Several rainbows formed in the wake of Hurricanes Irma and Maria, which delivered devastating blows to the northern Caribbean in September 2017. These brilliant arcs of hope were embodied in a number of relief organizations. Six months after the one-two punch of these storms, aid groups such as Sailorshelping.org continue to help in ways that have morphed with the needs of island communities served via a widespread boater network.
“After Irma spared us, we felt extremely lucky and decided to give back to our fellow cruisers and the islander community at large,” says Victoria Fine, the brainchild behind Sailorshelping.org. Victoria and her husband Jon Vidar live aboard their 1974-built 37ft Islander, Scallywag, and based themselves in Puerto Rico for hurricane season. “We were joined by many other cruisers and locals who felt the same way and in the week after the storm, we banded together to deliver goods and help people in areas that were affected by the storm but were not yet attended to by major government or aid organization relief.”
Fine, Vidar and their team quickly scaled up, culminating in the loading of three cargo planes full of more than 15,000lb of aid to nearby islands such as the British Virgin Islands and Anguilla. Then Maria hit Puerto Rico. Sailorshelping.org’s focus changed substantially since the hurricane wiped out the team’s ability to physically mobilize. Instead, they regrouped and organized online, using the group’s Facebook page to connect needs, supplies and transportation with a view towards long-term rebuilding.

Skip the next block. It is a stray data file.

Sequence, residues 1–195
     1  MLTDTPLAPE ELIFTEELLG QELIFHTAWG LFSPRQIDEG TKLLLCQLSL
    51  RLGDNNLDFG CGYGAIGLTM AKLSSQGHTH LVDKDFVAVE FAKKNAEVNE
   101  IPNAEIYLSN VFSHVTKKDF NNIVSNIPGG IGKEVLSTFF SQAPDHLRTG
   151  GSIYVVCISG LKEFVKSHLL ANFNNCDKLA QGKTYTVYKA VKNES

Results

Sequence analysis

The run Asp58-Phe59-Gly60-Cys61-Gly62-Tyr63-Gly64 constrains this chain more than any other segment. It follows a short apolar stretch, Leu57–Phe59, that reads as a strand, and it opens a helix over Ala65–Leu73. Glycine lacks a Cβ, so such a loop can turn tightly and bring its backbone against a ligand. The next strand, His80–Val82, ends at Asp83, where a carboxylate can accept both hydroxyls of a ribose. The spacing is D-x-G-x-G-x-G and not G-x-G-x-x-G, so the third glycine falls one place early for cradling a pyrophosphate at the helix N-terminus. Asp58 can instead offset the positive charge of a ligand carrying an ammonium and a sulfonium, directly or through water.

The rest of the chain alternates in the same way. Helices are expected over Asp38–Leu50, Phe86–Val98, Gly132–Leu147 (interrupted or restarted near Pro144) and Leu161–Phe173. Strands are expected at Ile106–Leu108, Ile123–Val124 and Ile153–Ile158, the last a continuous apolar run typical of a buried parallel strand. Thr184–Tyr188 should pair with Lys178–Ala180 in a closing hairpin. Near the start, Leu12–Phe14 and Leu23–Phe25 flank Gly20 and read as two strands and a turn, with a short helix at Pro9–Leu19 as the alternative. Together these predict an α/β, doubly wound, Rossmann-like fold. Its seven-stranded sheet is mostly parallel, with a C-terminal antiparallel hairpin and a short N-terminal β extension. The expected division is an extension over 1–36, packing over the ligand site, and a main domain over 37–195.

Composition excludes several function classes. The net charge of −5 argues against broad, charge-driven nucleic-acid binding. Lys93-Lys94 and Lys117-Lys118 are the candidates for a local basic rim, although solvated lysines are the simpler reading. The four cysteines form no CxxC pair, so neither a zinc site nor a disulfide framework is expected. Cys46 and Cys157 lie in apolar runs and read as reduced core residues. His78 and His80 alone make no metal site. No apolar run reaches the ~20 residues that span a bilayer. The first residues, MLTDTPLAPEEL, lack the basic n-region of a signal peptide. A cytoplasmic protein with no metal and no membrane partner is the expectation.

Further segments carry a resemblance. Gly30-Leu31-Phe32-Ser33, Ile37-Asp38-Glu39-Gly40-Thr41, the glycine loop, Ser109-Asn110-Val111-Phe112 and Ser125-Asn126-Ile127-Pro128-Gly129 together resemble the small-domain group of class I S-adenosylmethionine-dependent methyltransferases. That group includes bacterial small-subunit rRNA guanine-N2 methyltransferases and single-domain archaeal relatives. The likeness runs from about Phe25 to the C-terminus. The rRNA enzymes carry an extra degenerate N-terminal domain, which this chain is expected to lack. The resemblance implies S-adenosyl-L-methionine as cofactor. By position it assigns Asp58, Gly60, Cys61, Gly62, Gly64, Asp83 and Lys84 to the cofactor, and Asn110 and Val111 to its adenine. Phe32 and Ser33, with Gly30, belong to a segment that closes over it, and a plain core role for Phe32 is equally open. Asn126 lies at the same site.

“Our focus has become sharing information that allows people to safely return to the islands. In addition, we’re using our Facebook group to be the meeting ground for people with needs or the ability to deliver them, and I, along with other volunteers, matchmake as we see opportunities. That’s where our Ports and Projects map came from,” says Fine.
The Ports and Projects map on the Sailorshelping.org website encompasses hurricane-affected Caribbean islands. On it, the group shares up-to-date information on the status of islands and their specific ports. Users can use the site on desktop and mobile devices to search port by port for information about accessibility and the availability of amenities such as fuel, open businesses and new favorite cruiser bars and other details needed to have a safe and fun cruising season. Additionally, the group provides volunteer opportunities and contact information on a harbor by harbor basis, so that once cruisers land, there’s an easy way to lend a hand. Volunteer projects are diverse and range from mapping damaged coral reefs to sorting and delivering supplies to rebuilding schools. There’s something to do for every skill set and ability.
“We hope that we make it so easy to help that you can literally jump off your dinghy, give someone a ring and walk over to meet folks with whom you can volunteer. That’s our goal,” says Fine.
Carol M. Bareuther, RD, is a St. Thomas, U.S. Virgin Islands based marine writer and registered dietitian.